grep description ~/seneye/$sensor/$sensor.xml | sed 's/^<response><id>.*<ph>//g' | sed 's/<\/ph>.*$//g' | sed 's/^.*<status>//g' | sed 's/<\/status>.*$//g' > ~/seneye/$sensor/ph_status
grep description ~/seneye/$sensor/$sensor.xml | sed 's/^<response><id>.*<ph>//g' | sed 's/<\/ph>.*$//g' | sed 's/^.*<curr>//g' | sed 's/<\/curr>.*$//g' > ~/seneye/$sensor/ph_curr

grep description ~/seneye/$sensor/$sensor.xml | sed 's/^<response><id>.*<nh3>//g' | sed 's/<\/nh3>.*$//g' | sed 's/^<trend>//g' | sed 's/<\/trend>.*$//g' > ~/seneye/$sensor/nh3_trend
grep description ~/seneye/$sensor/$sensor.xml | sed 's/^<response><id>.*<nh3>//g' | sed 's/<\/nh3>.*$//g' | sed 's/^.*<critical_in>//g' | sed 's/<\/critical_in>.*$//g' > ~/seneye/$sensor/nh3_critical_in
grep description ~/seneye/$sensor/$sensor.xml | sed 's/^<response><id>.*<nh3>//g' | sed 's/<\/nh3>.*$//g' | sed 's/^.*<avg>//g' | sed 's/<\/avg>.*$//g' > ~/seneye/$sensor/nh3_avg
grep description ~/seneye/$sensor/$sensor.xml | sed 's/^<response><id>.*<nh3>//g' | sed 's/<\/nh3>.*$//g' | sed 's/^.*<status>//g' | sed 's/<\/status>.*$//g' > ~/seneye/$sensor/nh3_status
grep description ~/seneye/$sensor/$sensor.xml | sed 's/^<response><id>.*<nh3>//g' | sed 's/<\/nh3>.*$//g' | sed 's/^.*<curr>//g' | sed 's/<\/curr>.*$//g' > ~/seneye/$sensor/nh3_curr

grep description ~/seneye/$sensor/$sensor.xml | sed 's/^<response><id>.*<nh4>//g' | sed 's/<\/nh4>.*$//g' | sed 's/^<trend>//g' | sed 's/<\/trend>.*$//g' > ~/seneye/$sensor/nh4_trend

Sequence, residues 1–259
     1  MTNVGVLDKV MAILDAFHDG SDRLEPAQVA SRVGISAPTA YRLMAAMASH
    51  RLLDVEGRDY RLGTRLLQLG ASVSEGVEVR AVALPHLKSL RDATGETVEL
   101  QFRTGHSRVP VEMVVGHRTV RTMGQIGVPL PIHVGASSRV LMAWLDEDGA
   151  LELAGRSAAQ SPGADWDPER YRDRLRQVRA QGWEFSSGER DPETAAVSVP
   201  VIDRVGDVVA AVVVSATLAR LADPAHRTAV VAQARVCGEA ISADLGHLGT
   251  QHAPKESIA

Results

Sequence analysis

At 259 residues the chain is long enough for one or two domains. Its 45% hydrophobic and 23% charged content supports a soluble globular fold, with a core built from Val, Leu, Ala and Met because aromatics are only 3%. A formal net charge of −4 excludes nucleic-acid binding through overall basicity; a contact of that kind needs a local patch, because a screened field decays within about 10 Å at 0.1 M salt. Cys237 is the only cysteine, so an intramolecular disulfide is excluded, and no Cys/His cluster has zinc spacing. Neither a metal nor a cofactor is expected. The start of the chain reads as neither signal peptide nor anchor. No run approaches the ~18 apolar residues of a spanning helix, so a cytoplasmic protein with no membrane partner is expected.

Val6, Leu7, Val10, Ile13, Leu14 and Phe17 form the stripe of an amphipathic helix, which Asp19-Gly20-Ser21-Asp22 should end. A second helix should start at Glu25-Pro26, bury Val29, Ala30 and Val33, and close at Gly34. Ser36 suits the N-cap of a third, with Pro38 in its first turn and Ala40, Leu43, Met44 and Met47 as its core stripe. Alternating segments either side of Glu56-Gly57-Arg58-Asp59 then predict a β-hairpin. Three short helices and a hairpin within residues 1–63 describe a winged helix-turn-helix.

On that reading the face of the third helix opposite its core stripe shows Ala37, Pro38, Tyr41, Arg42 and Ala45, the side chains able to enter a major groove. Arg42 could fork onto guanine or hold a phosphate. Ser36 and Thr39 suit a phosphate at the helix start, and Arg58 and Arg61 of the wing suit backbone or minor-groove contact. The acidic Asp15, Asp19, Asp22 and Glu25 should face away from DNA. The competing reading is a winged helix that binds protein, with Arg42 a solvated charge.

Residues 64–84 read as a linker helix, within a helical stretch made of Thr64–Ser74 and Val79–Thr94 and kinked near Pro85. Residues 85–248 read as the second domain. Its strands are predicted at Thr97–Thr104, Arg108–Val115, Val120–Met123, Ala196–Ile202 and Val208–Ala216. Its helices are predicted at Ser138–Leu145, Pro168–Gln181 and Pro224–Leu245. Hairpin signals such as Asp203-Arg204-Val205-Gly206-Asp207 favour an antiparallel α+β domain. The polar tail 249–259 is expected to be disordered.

grep description ~/seneye/$sensor/$sensor.xml | sed 's/^<response><id>.*<nh4>//g' | sed 's/<\/nh4>.*$//g' | sed 's/^.*<critical_in>//g' | sed 's/<\/critical_in>.*$//g' > ~/seneye/$sensor/nh4_critical_in
grep description ~/seneye/$sensor/$sensor.xml | sed 's/^<response><id>.*<nh4>//g' | sed 's/<\/nh4>.*$//g' | sed 's/^.*<avg>//g' | sed 's/<\/avg>.*$//g' > ~/seneye/$sensor/nh4_avg
grep description ~/seneye/$sensor/$sensor.xml | sed 's/^<response><id>.*<nh4>//g' | sed 's/<\/nh4>.*$//g' | sed 's/^.*<status>//g' | sed 's/<\/status>.*$//g' > ~/seneye/$sensor/nh4_status
grep description ~/seneye/$sensor/$sensor.xml | sed 's/^<response><id>.*<nh4>//g' | sed 's/<\/nh4>.*$//g' | sed 's/^.*<curr>//g' | sed 's/<\/curr>.*$//g' > ~/seneye/$sensor/nh4_curr

grep description ~/seneye/$sensor/$sensor.xml | sed 's/^<response><id>.*<o2>//g' | sed 's/<\/o2>.*$//g' | sed 's/^<trend>//g' | sed 's/<\/trend>.*$//g' > ~/seneye/$sensor/o2_trend
grep description ~/seneye/$sensor/$sensor.xml | sed 's/^<response><id>.*<o2>//g' | sed 's/<\/o2>.*$//g' | sed 's/^.*<critical_in>//g' | sed 's/<\/critical_in>.*$//g' > ~/seneye/$sensor/o2_critical_in
grep description ~/seneye/$sensor/$sensor.xml | sed 's/^<response><id>.*<o2>//g' | sed 's/<\/o2>.*$//g' | sed 's/^.*<avg>//g' | sed 's/<\/avg>.*$//g' > ~/seneye/$sensor/o2_avg
grep description ~/seneye/$sensor/$sensor.xml | sed 's/^<response><id>.*<o2>//g' | sed 's/<\/o2>.*$//g' | sed 's/^.*<status>//g' | sed 's/<\/status>.*$//g' > ~/seneye/$sensor/o2_status
grep description ~/seneye/$sensor/$sensor.xml | sed 's/^<response><id>.*<o2>//g' | sed 's/<\/o2>.*$//g' | sed 's/^.*<curr>//g' | sed 's/<\/curr>.*$//g' > ~/seneye/$sensor/o2_curr

grep description ~/seneye/$sensor/$sensor.xml | sed 's/^<response><id>.*<lux>//g' | sed 's/<\/lux>.*$//g' | sed 's/^.*<curr>//g' | sed 's/<\/curr>.*$//g' > ~/seneye/$sensor/lux_curr

grep description ~/seneye/$sensor/$sensor.xml | sed 's/^<response><id>.*<par>//g' | sed 's/<\/par>.*$//g' | sed 's/^<curr>//g' | sed 's/<\/curr>.*$//g' > ~/seneye/$sensor/par_curr

grep description ~/seneye/$sensor/$sensor.xml | sed 's/^<response><id>.*<kelvin>//g' | sed 's/<\/kelvin>.*$//g' | sed 's/^<curr>//g' | sed 's/<\/curr>.*$//g' > ~/seneye/$sensor/kelvin_curr